The partial government shutdown entered day 35 with a glimmer of hope and now what seems to be an agreement reached between the White House and Congress. But first, yesterday two different set of proposals, one Republican and one Democrat, failed to garner the necessary 60 votes in the Senate to reopen the government. However that after voting for packages to reopen the government failed, Senate Majority Leader Mitch McConnell and Minority Leader Chuck Schumer are in talks to find some way to bridge the divide for the first time since the shutdown began.
Over the previous 34 days, McConnell had expressed that House Speaker Nancy Pelosi and Schumer had to negotiate with the president, not with him. The majority leader said he would not bring anything to the Senate floor that President Trump would not explicitly say he would sign. This is because, in December, the White House walked back its support of a deal that fully funded the government after McConnell already passed the package by unanimous consent.
Tensions are running high in the Republican caucus after Senator Ron Johnson of Wisconsin lashed out at McConnell during a Republican policy lunch in front of the whole caucus and Vice President Mike Pence, saying, “This is your fault,” to McConnell. While McConnell snapped back “Are you suggesting I'm enjoying this?” There seems to be growing angst among Republicans in the Senate and the White House, especially after two Republicans senators rejected Trump’s proposal and six other Republicans defected to vote with Democrats to reopen the government without wall funding. Only one Democrat voted with Republicans on the budget vote that included wall funding.
House Democrats are also growing restless, especially the new class of freshman who want to start moving on the agenda they campaigned on. About 20 House Democrats marched over to the Senate to try to pressure Republicans into backing a clean spending bill. Another group of House Democrats are preparing a counter-offer to President Trump that would provide at least $5 billion in border security money, matching what he is asking and above the $1.6 billion in the original bill, but the money would not be able to be used to build the wall. The proposal is still a work in progress, including whether they should just put the bill up for a vote or talk to the president first and get his buy-in before moving forward.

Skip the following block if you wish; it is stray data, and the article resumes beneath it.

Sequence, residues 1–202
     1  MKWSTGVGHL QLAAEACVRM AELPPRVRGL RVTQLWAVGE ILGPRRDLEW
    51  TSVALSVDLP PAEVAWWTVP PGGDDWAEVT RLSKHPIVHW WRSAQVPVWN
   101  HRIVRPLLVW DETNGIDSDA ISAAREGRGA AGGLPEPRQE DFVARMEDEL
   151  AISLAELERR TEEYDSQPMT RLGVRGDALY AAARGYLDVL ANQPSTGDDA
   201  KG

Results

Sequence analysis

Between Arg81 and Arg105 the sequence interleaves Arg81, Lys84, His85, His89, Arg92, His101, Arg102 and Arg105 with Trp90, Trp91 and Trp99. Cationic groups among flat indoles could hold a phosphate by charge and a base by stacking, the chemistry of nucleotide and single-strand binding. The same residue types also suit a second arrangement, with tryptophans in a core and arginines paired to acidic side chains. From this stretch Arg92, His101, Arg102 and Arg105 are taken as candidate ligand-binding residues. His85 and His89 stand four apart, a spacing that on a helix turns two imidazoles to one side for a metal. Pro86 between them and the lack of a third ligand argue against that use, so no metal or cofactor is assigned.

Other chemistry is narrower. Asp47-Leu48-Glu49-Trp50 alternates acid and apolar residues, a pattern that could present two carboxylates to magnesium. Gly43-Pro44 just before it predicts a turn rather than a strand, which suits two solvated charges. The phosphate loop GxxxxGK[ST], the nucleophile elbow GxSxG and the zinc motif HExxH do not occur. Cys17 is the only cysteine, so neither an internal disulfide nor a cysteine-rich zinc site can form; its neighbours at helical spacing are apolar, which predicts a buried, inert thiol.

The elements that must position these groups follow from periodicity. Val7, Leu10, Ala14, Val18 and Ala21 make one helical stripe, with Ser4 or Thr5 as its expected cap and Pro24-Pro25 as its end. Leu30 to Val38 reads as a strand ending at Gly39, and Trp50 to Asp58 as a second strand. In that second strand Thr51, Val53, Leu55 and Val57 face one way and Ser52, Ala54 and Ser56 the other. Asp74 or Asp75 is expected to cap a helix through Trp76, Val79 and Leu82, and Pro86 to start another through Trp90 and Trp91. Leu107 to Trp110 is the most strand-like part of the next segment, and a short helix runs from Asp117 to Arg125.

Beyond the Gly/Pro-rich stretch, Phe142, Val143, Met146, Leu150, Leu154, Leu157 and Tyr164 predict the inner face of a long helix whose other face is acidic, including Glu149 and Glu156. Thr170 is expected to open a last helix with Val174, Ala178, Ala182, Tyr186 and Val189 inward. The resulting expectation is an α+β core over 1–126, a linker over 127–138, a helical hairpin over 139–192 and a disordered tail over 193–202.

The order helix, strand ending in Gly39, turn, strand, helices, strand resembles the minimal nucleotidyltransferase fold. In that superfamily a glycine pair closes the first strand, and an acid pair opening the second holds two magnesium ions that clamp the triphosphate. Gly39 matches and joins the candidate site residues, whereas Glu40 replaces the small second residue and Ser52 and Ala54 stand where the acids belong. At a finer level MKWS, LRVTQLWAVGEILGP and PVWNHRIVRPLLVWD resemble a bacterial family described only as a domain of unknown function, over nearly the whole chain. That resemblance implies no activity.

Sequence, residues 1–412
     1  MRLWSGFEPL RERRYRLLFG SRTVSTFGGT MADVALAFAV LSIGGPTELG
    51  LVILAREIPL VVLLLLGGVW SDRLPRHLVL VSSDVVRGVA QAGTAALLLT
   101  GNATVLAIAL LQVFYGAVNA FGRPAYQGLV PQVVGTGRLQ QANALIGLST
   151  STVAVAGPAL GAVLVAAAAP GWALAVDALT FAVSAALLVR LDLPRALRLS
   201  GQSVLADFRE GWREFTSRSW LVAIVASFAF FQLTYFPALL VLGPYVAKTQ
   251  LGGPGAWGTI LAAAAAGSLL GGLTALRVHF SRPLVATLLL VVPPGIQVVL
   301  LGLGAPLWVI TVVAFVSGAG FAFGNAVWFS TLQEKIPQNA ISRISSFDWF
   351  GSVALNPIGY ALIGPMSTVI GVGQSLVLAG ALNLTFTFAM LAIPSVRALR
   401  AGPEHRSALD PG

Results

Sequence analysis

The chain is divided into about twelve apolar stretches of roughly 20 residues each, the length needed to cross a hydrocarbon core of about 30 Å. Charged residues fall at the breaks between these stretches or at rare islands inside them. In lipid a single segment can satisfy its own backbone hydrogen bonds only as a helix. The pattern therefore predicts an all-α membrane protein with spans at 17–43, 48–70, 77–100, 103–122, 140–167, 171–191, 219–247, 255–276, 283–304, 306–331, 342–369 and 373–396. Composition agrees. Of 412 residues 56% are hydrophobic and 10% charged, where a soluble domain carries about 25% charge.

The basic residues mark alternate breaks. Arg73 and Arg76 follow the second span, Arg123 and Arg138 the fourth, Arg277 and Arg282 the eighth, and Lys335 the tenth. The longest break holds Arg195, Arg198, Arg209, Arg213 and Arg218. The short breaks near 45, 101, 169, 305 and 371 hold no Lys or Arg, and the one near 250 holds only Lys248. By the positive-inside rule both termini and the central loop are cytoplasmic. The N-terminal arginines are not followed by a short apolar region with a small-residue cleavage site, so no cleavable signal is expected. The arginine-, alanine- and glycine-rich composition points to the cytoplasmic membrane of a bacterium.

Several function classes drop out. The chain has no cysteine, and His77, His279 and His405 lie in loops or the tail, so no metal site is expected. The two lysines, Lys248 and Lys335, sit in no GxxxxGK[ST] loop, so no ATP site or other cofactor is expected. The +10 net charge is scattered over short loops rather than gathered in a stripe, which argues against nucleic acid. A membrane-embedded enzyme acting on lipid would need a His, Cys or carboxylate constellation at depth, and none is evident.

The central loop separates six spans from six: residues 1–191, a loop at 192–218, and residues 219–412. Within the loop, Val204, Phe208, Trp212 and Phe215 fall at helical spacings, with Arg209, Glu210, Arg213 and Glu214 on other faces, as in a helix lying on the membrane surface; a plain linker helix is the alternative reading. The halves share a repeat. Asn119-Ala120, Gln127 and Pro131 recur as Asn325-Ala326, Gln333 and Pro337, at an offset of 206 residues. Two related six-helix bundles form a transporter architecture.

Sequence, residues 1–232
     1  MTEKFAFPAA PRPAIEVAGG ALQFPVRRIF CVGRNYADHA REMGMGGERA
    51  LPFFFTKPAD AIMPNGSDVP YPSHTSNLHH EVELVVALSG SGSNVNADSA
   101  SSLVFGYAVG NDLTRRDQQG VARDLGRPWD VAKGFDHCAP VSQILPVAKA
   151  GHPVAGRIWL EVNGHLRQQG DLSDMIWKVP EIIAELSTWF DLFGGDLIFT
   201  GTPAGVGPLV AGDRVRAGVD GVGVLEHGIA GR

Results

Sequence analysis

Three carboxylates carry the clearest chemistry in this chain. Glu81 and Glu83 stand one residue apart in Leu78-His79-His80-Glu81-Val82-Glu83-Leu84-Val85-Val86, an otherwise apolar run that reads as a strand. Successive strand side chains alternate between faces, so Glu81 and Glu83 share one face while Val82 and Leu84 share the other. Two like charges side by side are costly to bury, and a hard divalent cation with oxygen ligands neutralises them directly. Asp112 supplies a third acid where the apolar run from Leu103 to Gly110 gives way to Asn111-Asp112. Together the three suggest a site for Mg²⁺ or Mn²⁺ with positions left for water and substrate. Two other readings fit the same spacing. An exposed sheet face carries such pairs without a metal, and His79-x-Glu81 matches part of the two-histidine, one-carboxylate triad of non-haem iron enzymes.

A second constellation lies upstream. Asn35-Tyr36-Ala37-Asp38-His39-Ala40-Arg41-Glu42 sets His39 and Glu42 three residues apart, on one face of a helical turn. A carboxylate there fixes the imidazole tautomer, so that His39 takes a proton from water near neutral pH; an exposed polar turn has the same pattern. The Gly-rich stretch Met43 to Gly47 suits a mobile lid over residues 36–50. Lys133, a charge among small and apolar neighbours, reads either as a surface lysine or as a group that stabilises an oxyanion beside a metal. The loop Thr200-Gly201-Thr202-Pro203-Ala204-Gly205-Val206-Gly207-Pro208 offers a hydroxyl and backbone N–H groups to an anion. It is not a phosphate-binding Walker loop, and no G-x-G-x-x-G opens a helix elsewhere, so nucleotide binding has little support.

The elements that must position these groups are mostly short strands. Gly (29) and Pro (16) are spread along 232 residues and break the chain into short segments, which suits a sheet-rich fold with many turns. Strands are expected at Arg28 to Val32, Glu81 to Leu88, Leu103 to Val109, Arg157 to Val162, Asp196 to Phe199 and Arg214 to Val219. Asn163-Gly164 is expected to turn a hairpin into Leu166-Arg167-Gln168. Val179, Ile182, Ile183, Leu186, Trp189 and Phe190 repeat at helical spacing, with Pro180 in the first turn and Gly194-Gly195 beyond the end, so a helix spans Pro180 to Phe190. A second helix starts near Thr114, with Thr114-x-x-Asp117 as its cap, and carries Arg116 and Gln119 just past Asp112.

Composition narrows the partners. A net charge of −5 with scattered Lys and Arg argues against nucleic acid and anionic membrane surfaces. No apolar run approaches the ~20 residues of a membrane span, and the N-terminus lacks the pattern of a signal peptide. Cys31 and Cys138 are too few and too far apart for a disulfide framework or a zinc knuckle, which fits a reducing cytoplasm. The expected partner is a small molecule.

After all the pressure built, it looks like President Trump has agreed to end the partial government shutdown by funding the government through February 15 with the understanding that the next three weeks will be used to discuss a package over border security. One thing remains clear: Until the partial government shutdown or the threat of shutdown is over, other legislative items are taking a back seat, including the agent, broker and benefits specialist agenda. Here is to hoping they can resolve their differences and get back to working for the American people.
Did you know...Due to limited space, there is a chance that tickets for this event will not be available at the conference, so be sure to go online and pre-order tickets today. The standard ticket price is $150. If you are a member of the HUPAC Capitol Club ($1,000 & up), you can purchase your ticket for $75 by contacting Anthony Perez. The cost of your ticket will count toward your annual HUPAC contribution total and can help you achieve Capitol, Congressional or 365 Club status if you are not there already. Click here to purchase your ticket! You need to log in using your NAHU credentials.
…that you can come mingle, eat and drink with members of Congress and fellow NAHU members at the Annual HUPAC Congressional Reception on Tuesday, February 26, at 5:00 p.m.? Enjoy the view from the top of the Hyatt Regency. We expect between 15 and 20 members of Congress to attend, representing NAHU members across the country.